Free Radical Biology and Medicine 10/2009; 48(1):161-72. DOI:10.1016/j.freeradbiomed.2009.10.039 · 5.74 Impact Factor
[Show abstract][Hide abstract] ABSTRACT: Nitric oxide (NO(*)) competitively inhibits oxygen consumption by mitochondria at cytochrome c oxidase and S-nitrosates thiol proteins. We developed mitochondria-targeted S-nitrosothiols (MitoSNOs) that selectively modulate and protect mitochondrial function. The exemplar MitoSNO1, produced by covalently linking an S-nitrosothiol to the lipophilic triphenylphosphonium cation, was rapidly and extensively accumulated within mitochondria, driven by the membrane potential, where it generated NO(*) and S-nitrosated thiol proteins. MitoSNO1-induced NO(*) production reversibly inhibited respiration at cytochrome c oxidase and increased extracellular oxygen concentration under hypoxic conditions. MitoSNO1 also caused vasorelaxation due to its NO(*) generation. Infusion of MitoSNO1 during reperfusion was protective against heart ischemia-reperfusion injury, consistent with a functional modification of mitochondrial proteins, such as complex I, following S-nitrosation. These results support the idea that selectively targeting NO(*) donors to mitochondria is an effective strategy to reversibly modulate respiration and to protect mitochondria against ischemia-reperfusion injury.
Proceedings of the National Academy of Sciences 07/2009; 106(26):10764-9. DOI:10.1073/pnas.0903250106 · 9.67 Impact Factor
[Show abstract][Hide abstract] ABSTRACT: Mitochondrial oxidative damage is thought to contribute to a wide range of human diseases; therefore, the development of approaches to decrease this damage may have therapeutic potential. Mitochondria-targeted antioxidants that selectively block mitochondrial oxidative damage and prevent some types of cell death have been developed. These compounds contain antioxidant moieties, such as ubiquinone, tocopherol, or nitroxide, that are targeted to mitochondria by covalent attachment to a lipophilic triphenylphosphonium cation. Because of the large mitochondrial membrane potential, the cations are accumulated within the mitochondria inside cells. There, the conjugated antioxidant moiety protects mitochondria from oxidative damage. Here, we outline some of the work done to date on these compounds and how they may be developed as therapies.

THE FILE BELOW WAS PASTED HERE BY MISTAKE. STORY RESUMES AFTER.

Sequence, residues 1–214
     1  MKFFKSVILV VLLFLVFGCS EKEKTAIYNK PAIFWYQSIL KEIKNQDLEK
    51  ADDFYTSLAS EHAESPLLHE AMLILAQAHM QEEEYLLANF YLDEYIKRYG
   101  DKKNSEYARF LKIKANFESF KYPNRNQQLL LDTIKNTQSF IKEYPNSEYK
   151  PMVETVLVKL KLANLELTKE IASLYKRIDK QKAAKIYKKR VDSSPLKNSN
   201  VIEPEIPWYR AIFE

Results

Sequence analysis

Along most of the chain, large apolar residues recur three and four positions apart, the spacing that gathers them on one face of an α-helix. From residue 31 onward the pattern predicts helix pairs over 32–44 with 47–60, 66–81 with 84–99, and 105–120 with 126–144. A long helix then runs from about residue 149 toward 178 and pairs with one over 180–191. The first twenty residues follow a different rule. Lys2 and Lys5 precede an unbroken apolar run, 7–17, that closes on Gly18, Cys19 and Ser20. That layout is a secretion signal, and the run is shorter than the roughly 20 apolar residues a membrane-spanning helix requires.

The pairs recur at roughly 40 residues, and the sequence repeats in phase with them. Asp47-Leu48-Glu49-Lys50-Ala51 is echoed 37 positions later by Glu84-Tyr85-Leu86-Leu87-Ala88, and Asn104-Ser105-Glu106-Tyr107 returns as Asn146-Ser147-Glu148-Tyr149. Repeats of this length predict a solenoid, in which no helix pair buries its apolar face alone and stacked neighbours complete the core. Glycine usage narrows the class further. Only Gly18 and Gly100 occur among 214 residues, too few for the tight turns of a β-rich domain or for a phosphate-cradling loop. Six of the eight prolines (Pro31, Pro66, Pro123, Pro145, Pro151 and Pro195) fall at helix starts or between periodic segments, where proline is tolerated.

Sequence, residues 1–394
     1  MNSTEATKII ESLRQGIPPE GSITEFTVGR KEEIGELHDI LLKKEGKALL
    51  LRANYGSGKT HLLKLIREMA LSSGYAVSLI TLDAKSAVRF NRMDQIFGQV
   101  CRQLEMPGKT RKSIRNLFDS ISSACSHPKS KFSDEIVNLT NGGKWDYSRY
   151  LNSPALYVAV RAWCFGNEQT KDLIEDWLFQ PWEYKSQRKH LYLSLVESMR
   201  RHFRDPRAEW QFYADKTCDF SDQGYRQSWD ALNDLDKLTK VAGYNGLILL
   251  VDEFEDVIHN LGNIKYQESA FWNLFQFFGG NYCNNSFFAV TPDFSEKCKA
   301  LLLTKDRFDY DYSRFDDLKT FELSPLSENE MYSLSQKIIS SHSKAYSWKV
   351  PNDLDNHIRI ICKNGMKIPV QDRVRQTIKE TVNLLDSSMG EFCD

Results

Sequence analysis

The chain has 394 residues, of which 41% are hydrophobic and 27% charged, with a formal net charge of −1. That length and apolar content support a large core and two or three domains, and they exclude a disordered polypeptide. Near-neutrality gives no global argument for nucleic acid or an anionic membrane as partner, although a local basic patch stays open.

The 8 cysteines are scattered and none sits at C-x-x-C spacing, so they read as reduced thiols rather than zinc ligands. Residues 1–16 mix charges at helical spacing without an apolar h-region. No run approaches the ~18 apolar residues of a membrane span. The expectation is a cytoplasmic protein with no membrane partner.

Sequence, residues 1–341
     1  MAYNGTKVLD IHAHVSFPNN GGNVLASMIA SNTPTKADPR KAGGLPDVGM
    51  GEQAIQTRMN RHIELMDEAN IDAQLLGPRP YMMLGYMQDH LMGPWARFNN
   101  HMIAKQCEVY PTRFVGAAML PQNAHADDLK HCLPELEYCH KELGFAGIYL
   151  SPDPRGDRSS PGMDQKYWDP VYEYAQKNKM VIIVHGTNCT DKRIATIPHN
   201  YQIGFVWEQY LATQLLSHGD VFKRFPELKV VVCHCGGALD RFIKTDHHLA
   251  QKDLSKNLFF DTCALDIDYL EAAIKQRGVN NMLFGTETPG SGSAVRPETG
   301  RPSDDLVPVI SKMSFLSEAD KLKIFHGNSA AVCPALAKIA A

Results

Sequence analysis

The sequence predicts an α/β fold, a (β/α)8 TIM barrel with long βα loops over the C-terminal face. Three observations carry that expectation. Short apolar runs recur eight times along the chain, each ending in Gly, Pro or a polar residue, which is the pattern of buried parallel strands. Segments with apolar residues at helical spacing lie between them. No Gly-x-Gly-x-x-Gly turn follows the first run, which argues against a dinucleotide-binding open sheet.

Annals of the New York Academy of Sciences 01/2009; 1147(1):105-11. DOI:10.1196/annals.1427.003 · 4.38 Impact Factor
[Show abstract][Hide abstract] ABSTRACT: Mitochondria-targeted molecules comprising the lipophilic TPP (triphenylphosphonium) cation covalently linked to a hydrophobic bioactive moiety are used to modify and probe mitochondria in cells and in vivo. However, it is unclear how hydrophobicity affects the rate and extent of their uptake into mitochondria within cells, making it difficult to interpret experiments because their intracellular concentration in different compartments is uncertain. To address this issue, we compared the uptake into both isolated mitochondria and mitochondria within cells of two hydrophobic TPP derivatives, [3H]MitoQ (mitoquinone) and [3H]DecylTPP, with the more hydrophilic TPP cation [3H]TPMP (methyltriphenylphosphonium). Uptake of MitoQ by mitochondria and cells was described by the Nernst equation and was approximately 5-fold greater than that for TPMP, as a result of its greater binding within the mitochondrial matrix. DecylTPP was also taken up extensively by cells, indicating that increased hydrophobicity enhanced uptake. Both MitoQ and DecylTPP were taken up very rapidly into cells, reaching a steady state within 15 min, compared with approximately 8 h for TPMP. This far faster uptake was the result of the increased rate of passage of hydrophobic TPP molecules through the plasma membrane. Within cells MitoQ was predominantly located within mitochondria, where it was rapidly reduced to the ubiquinol form, consistent with its protective effects in cells and in vivo being due to the ubiquinol antioxidant. The strong influence of hydrophobicity on TPP cation uptake into mitochondria within cells facilitates the rational design of mitochondria-targeted compounds to report on and modify mitochondrial function in vivo.